Authors: Pervukhina, M; Dewhurst, DN; Kuila, U; Siggins, AF; Gurevich, B

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Pervukhina, M, Dewhurst, DN, Kuila, U, Siggins, AF & Gurevich, B 2008, 'Stress Dependent Anisotropy in Shales — Measurements and Modelling', in Y Potvin, J Carter, A Dyskin & R Jeffrey (eds), Proceedings of the First Southern Hemisphere International Rock Mechanics Symposium, Australian Centre for Geomechanics, Perth, pp. 287-300.

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Abstract:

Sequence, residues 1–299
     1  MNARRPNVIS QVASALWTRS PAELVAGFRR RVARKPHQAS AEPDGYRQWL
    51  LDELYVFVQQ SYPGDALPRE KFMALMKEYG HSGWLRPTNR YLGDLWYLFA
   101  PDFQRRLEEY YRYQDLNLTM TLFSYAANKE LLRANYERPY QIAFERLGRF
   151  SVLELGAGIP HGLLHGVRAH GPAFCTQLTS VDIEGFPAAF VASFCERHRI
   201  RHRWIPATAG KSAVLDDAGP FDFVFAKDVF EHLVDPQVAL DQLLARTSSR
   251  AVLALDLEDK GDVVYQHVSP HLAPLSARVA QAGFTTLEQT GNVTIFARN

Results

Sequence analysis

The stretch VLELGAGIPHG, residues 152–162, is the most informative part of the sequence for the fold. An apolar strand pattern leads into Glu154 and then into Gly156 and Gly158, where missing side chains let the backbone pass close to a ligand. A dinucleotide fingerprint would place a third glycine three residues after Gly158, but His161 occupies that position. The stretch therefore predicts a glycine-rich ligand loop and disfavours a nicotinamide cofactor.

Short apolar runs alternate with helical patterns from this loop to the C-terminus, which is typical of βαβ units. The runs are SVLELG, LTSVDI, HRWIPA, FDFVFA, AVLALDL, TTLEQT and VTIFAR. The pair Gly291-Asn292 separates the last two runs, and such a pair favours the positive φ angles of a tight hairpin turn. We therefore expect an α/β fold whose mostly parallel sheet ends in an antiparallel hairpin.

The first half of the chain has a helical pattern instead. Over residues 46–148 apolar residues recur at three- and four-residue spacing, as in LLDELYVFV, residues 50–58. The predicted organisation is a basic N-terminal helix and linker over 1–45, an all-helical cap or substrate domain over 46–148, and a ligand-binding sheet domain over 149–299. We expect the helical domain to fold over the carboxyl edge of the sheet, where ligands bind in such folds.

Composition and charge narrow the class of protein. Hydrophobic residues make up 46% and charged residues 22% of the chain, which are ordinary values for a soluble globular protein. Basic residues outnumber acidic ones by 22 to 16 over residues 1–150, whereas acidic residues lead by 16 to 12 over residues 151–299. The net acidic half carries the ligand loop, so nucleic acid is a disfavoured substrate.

Shales comprise a large proportion of the sedimentary pile in many hydrocarbon basins and impact significantly on exploration, development and production costs through the effect of seismic anisotropy on imaging and depth conversion. Shales play an important role in time-lapse seismic response and pore pressure prediction. To understand stress dependent anisotropy on shales, stress dependencies of the five elastic constants are measured for four sets of shales. These new measurements are used to test the method that calculates the shale elastic constants using the silt fraction, clay packing density and set of elastic constants derived on the basis of nano-indentation technique. The results of our analysis show considerable variability of clay properties for a given clay packing density. We also relate the variation of clay elastic constants with the amount of very small and compliant pores (soft porosity). For the first time, soft porosity of shales is estimated from the experimental data. The soft porosity correlates with stress dependent variations of elastic moduli. This suggests that stress dependency of shale properties results from the closing of the soft porosity. Variations of the compressibility depend on exponential functions of the effective confining stress and the soft porosity can be estimated from the fitting coefficients. The stress dependencies of the measured elastic compliances of wet shales and of the dry compressibilities estimated using Gassmann equation are approximated by exponential functions using a nonlinear fitting based on the Levenberg–Marquardt algorithm. The soft porosities estimated from the fitting coefficients for dry compressibilities are shown to be in a reasonable agreement with the measured values.

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